Universities live in communities. Universities breathe in communities. Universities are legitimized because communities afford them the legitimacy.
The work we carry out as scholars therefore is founded upon the fabric of community life. Based on the taxes paid by everyday citizens. And much more importantly, on the goodwill of communities that give universities land, trust, legitimacy.
Yet, it is often the community, the immediate context of University life, that remains ignored in objectives, mission statements, and statements of strategy crafted by University leaders.
For a large number of faculty, university life goes on, walled from the everydayness of the communities we live in. Disconnected from the spirits of community life. And ever so alienated from the spirits, ebbs, and flows in our immediate communities.
You can have academics spend their entire career in communities and yet be completely disconnected from community life. You can have academics who don't really see the community they live in, residing in their walled spaces.
The conversation on social impact is an invitation to fundamentally transform this alienated elitism of university life. The social impact conversation must begin by considering the immediate community and context that constitutes the University. The conversation on social impact then has to begin by considering what is the role of our missions of teaching and research in contributing to community life.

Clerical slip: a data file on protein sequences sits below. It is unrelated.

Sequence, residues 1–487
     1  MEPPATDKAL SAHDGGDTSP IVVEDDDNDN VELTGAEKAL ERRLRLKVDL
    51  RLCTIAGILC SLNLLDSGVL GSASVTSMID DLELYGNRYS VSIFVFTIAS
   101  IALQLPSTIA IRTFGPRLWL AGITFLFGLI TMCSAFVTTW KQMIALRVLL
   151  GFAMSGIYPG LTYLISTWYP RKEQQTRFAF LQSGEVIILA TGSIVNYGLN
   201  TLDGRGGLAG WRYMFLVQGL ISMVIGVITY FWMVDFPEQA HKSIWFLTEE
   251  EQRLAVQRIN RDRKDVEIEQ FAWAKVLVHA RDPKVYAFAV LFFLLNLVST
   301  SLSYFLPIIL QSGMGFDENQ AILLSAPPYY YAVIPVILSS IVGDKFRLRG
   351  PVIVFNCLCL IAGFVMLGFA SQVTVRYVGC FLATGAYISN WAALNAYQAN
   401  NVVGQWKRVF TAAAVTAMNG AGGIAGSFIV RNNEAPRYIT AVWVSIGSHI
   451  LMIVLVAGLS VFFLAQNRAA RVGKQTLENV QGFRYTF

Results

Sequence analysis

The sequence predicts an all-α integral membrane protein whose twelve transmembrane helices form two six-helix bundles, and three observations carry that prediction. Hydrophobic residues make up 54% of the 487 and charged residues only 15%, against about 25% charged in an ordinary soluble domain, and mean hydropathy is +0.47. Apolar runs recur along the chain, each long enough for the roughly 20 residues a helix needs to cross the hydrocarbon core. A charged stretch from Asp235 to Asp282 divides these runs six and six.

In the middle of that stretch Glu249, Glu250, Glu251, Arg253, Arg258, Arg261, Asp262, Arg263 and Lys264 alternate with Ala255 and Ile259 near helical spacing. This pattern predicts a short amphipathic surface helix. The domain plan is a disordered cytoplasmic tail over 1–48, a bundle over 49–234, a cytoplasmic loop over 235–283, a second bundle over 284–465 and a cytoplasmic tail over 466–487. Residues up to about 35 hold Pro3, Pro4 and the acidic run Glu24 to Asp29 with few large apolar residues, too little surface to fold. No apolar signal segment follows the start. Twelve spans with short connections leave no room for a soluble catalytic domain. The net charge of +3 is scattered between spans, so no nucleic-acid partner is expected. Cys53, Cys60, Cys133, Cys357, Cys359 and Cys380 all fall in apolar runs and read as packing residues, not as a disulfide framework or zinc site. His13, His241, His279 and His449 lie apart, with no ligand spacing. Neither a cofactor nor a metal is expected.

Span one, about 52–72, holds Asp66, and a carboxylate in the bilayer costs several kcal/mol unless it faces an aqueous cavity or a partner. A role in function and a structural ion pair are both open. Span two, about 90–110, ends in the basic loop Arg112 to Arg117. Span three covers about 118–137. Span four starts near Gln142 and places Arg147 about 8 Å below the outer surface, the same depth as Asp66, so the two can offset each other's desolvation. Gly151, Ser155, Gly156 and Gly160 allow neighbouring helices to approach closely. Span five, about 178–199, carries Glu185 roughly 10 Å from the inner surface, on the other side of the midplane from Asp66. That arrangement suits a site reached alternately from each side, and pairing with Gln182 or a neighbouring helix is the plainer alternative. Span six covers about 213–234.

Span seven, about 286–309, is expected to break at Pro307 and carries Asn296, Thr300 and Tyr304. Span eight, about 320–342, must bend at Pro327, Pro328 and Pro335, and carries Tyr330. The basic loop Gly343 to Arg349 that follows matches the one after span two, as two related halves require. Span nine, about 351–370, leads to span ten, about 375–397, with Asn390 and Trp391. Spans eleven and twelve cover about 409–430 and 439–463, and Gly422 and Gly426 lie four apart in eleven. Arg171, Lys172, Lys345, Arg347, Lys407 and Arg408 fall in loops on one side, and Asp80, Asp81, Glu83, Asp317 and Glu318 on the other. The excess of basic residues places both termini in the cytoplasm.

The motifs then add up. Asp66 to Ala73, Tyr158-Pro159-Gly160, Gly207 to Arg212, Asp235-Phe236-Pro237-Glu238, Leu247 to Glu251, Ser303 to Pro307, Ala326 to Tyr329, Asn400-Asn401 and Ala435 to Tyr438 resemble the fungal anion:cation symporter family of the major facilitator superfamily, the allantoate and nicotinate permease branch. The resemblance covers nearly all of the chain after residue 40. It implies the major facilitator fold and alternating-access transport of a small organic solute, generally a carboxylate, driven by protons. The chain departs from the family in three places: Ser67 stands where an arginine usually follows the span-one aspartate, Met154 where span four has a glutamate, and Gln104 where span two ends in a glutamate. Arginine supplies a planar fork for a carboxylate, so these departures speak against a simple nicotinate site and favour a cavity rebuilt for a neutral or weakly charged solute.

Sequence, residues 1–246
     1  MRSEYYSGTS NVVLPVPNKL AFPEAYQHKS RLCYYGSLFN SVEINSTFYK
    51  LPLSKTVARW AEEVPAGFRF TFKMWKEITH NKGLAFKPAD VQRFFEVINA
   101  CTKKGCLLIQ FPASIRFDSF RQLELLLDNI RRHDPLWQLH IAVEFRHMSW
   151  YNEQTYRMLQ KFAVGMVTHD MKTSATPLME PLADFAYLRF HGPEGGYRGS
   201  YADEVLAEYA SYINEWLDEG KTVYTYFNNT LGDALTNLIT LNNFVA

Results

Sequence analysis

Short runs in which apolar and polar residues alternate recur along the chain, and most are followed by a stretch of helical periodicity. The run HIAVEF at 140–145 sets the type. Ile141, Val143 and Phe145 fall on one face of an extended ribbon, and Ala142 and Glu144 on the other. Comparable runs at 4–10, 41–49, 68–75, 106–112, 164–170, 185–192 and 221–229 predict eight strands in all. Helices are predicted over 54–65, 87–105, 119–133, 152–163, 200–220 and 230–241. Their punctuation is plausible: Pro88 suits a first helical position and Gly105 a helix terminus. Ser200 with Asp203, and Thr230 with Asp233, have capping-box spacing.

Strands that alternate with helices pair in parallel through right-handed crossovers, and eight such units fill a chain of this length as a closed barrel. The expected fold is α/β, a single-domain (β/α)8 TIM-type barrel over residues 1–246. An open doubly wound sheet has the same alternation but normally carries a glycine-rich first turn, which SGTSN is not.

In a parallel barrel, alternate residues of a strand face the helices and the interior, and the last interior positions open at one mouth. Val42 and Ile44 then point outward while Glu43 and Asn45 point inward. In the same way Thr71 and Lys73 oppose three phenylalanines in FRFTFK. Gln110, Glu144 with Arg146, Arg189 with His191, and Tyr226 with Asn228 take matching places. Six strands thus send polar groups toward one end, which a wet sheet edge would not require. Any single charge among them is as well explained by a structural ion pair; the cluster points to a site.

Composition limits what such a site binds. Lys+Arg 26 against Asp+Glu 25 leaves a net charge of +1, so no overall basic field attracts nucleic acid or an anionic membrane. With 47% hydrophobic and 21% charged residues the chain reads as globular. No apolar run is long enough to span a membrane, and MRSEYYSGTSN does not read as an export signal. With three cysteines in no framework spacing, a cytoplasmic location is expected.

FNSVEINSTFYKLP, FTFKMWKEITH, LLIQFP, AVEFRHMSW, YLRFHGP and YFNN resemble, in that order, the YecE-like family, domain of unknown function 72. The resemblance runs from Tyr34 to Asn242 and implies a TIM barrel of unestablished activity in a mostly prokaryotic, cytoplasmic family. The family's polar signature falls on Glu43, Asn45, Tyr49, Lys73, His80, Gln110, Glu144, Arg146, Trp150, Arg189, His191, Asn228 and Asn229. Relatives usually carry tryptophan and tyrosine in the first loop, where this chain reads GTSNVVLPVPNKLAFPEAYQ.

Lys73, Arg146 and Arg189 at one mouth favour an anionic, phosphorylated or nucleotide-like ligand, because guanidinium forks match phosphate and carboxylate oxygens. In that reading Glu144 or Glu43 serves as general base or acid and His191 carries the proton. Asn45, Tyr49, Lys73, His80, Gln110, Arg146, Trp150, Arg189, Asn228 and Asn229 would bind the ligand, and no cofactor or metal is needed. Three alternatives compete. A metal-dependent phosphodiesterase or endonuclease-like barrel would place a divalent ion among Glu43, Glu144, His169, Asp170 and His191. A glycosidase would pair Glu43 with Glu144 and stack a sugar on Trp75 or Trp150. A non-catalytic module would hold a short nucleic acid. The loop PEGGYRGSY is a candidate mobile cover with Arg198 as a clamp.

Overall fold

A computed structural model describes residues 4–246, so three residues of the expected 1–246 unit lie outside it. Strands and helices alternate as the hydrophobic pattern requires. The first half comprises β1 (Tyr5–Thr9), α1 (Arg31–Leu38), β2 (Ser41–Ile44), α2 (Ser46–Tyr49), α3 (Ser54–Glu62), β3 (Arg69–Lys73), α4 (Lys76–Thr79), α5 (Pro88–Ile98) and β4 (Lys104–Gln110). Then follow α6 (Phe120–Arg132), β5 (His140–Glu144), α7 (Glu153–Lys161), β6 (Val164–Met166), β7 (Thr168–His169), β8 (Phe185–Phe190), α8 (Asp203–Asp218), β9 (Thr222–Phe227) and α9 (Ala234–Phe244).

To turn to communities as entry points for conversations on social impact then suggests a necessary restructuring of university life, of what we value, and of the metrics that we use in evaluating our work. The turning toward community suggests the necessity of reworking benchmarks and criteria that begin by considering the role of knowledge in contributing to community life, in improving the lives of citizens, and in addressing the felt needs of communities we are embedded in.